Rating: 4/5 Stars

Call of the Night – 07 – What’s the Hot Vamp Goss?

While walking along lots of folks earlier in the night, Kou worries someone he knows will see him and wonder what he’s up to. Well, someone does, but it’s Kiyosumi, who fully understands what Kou’s up to and is grateful for his offer to turn her into a vampire. Even she’s surprised how much of a weight that lifted off her shoulders.

She gives him a Coke and the two part ways, and when it starts to pour, he finds shelter under an overhang and witnesses a high school girl getting hit on. She waves to him, and a moment later she’s right there in front of him. She tells him she’s there to get hit on, but it has to be the right person.

I was wondering when one or more of the bevy of unseen characters in the OP were going to show up in the cozy little world that so far has been just Kou, Nazuna, Akira and Kiyosumi, and this blondie is the first of them. The speed with which she sidled up to Kou also had me strongly suspecting her of being another vampire.

It doesn’t take long for that suspicion to be validated, as she lures him to a disserted underpass and starts talking about how things just aren’t exciting and haven’t worked out like she’d liked, and she has no one to talk to about it. Kou, ever the empath, tells him they’re the same.

The moment he says those words, a drop of water falls into a puddle, and the girl is embracing him. Then she says his name and bares her fangs…and gets her arm chopped off by a just-in-time Nazuna.

The light just started to glow purplish pink when the blonde (her name is Kikyou Seri, and she’s voiced by Tomatsu Haruka), and that color remains as Seri pops her arm right back on like it’s nothing and fights Nazuna. Despite her slight frame, Nazuna apparently has a reputation for brute strength.

That’s why Seri didn’t come alone to snatch away the new kid Nazuna’s been hanging around with. Another vampire appears behind Kou, and before he knows it he’s being shot up into the sky, bound who knows where, while Seri keeps Nazuna busy.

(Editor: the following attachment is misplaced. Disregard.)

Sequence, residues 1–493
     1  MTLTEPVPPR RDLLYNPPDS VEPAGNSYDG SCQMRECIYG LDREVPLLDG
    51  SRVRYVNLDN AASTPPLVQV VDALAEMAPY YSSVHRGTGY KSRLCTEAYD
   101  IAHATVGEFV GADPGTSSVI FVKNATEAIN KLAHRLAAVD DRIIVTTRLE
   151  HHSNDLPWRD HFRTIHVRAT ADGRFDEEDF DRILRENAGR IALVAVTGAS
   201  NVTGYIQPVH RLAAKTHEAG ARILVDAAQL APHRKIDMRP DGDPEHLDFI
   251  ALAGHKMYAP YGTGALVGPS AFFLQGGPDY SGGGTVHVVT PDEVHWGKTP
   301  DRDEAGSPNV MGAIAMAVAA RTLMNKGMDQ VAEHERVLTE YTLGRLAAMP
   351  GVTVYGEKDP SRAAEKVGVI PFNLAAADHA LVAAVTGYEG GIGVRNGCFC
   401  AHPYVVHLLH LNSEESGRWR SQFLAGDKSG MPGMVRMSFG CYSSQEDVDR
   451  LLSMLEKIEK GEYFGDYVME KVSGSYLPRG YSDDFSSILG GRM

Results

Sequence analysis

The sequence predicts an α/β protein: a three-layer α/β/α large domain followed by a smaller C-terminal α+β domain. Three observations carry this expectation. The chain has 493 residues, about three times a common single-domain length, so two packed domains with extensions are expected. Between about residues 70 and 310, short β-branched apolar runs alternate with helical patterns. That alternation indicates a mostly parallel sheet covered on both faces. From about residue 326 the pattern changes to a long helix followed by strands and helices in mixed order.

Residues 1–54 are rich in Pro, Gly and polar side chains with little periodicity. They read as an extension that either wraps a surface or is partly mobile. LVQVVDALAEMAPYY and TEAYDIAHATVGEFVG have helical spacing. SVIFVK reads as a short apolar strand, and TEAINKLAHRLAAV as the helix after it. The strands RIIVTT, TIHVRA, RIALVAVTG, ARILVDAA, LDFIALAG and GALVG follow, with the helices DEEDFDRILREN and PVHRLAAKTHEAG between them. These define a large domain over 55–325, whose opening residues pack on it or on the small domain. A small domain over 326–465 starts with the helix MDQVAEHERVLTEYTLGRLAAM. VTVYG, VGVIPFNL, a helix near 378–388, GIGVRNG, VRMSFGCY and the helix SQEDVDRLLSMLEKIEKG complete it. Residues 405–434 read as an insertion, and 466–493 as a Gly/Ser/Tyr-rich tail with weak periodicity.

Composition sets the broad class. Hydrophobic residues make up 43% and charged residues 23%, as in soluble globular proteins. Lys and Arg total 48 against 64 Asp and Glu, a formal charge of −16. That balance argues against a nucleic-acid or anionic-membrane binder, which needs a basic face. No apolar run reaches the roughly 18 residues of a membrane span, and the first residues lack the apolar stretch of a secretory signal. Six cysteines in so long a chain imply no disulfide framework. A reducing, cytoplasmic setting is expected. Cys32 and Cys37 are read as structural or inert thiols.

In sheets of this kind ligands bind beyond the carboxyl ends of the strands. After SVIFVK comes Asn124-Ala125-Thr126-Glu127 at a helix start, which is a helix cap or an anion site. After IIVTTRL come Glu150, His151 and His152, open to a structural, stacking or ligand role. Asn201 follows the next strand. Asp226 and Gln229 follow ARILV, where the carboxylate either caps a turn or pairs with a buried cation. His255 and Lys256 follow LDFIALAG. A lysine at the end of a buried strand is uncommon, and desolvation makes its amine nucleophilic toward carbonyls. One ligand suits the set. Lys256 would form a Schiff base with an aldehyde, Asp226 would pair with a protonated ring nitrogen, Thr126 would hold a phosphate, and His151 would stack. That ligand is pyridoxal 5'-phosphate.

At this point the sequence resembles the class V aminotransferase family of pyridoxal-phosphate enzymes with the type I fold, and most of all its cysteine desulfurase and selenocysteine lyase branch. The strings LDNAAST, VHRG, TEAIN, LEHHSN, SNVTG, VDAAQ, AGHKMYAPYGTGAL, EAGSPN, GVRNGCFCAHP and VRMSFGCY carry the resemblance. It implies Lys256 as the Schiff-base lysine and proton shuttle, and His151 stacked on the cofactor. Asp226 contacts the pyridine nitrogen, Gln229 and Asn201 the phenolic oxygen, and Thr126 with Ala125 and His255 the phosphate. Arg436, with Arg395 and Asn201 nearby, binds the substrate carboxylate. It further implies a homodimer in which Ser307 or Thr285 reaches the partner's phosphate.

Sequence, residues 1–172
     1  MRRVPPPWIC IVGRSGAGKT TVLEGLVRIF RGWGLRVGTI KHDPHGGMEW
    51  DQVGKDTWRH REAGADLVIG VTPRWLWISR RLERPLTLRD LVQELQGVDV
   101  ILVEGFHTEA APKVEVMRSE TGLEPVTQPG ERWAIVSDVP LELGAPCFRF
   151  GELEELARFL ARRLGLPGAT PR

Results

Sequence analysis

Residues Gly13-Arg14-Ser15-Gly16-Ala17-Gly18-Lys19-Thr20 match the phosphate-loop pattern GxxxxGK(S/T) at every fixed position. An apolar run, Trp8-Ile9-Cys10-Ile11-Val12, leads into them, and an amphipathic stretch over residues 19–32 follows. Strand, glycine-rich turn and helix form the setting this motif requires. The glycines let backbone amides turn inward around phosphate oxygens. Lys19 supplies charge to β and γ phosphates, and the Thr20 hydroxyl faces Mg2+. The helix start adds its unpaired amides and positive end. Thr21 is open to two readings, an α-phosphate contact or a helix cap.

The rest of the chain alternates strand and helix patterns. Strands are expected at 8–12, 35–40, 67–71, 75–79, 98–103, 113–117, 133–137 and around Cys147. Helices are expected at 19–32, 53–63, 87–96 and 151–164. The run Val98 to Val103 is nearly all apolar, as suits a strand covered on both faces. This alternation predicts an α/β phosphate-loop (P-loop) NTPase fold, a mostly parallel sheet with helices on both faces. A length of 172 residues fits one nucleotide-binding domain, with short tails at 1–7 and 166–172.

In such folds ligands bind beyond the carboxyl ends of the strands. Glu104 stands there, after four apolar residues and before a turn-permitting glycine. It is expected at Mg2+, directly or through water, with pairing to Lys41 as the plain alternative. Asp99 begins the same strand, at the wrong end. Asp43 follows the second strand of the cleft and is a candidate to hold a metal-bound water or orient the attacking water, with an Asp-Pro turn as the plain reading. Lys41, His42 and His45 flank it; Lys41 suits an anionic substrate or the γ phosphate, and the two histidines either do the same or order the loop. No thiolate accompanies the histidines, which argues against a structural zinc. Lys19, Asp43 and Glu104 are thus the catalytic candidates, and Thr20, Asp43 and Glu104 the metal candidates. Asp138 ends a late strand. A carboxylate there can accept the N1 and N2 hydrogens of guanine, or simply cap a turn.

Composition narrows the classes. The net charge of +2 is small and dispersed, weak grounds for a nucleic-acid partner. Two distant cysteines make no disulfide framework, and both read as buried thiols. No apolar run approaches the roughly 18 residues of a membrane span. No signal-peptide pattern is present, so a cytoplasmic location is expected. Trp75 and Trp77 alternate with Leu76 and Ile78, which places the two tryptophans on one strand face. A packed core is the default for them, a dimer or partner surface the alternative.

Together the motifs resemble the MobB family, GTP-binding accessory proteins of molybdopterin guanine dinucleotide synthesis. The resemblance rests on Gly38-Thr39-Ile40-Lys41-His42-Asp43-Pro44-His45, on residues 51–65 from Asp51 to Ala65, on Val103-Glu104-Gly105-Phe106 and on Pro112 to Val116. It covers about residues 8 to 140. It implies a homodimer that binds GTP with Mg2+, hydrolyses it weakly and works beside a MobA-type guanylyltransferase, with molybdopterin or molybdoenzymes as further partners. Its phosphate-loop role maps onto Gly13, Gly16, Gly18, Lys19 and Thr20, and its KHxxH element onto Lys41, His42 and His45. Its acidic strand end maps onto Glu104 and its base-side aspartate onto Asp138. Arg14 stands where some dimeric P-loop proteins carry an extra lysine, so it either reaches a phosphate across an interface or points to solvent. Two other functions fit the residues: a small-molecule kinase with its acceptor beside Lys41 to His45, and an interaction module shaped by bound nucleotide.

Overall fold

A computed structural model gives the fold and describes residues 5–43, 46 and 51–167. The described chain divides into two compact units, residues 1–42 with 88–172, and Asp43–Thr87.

The where turns out to be an upscale but otherwise pretty sedate rooftop deck, where not one or two but three other vampires greet the fourth who brought Kou there (Honda Kabura, voiced by Itou Shizuka). They are redhead Hirata Niko (Kitamura Eri),the cutesy Kohakobe Midori (Oozora Naomi), and the neutral Suzushiro Hatsuka (Waki Azumi).

Kou is told the situation: now that he’s aware of the existence of vampires, he has two choices: become one himself tonight, or be killed. He also has the choice of which one of the four of them will turn him, and each one tries their own signature style of seduction while the other three do inner commentary and engage in girl talk.

Kou surprises them not just by not seeming scared in the least about his situation, but in his insistence that Nazuna, the weird, unpopular, unprolific, lilac-haired letdown of the bunch. The conversation is lively, and Kou mostly keeps up; I particularly liked him protesting everyone assuming he was a virgin, only to confirm that yes, of course he is a virgin.

The other vamps main problem with Nazuna is just that she sucks at making offspring, which brings down the whole clan and even threatens their survival. All of them have committed to whatever agreed-upon quota for making more vampires, while she’s kinda just messed around and rejected that whole system. She’s their prodigal daughter.

She hates how they always chat and gossip like a bunch of schoolgirls, while they’re miffed by how easily she blushes and how she hasn’t managed to create a single offspring. But while Kou tells them he’s not sure what liking someone means, he’s quick to dispell their presumption that he isn’t interested in becoming a vampire.

He very much is, and he doesn’t blush even a little when he declares firmly to all of them that his goal is to fall in love with Nazuna so she can make him one. Of course, Nazuna arrives that very moment and overhears, so even though she does an awesome superhero landing that shatters the deck, she can’t keep her face from turning into a tomato, so she just freezes.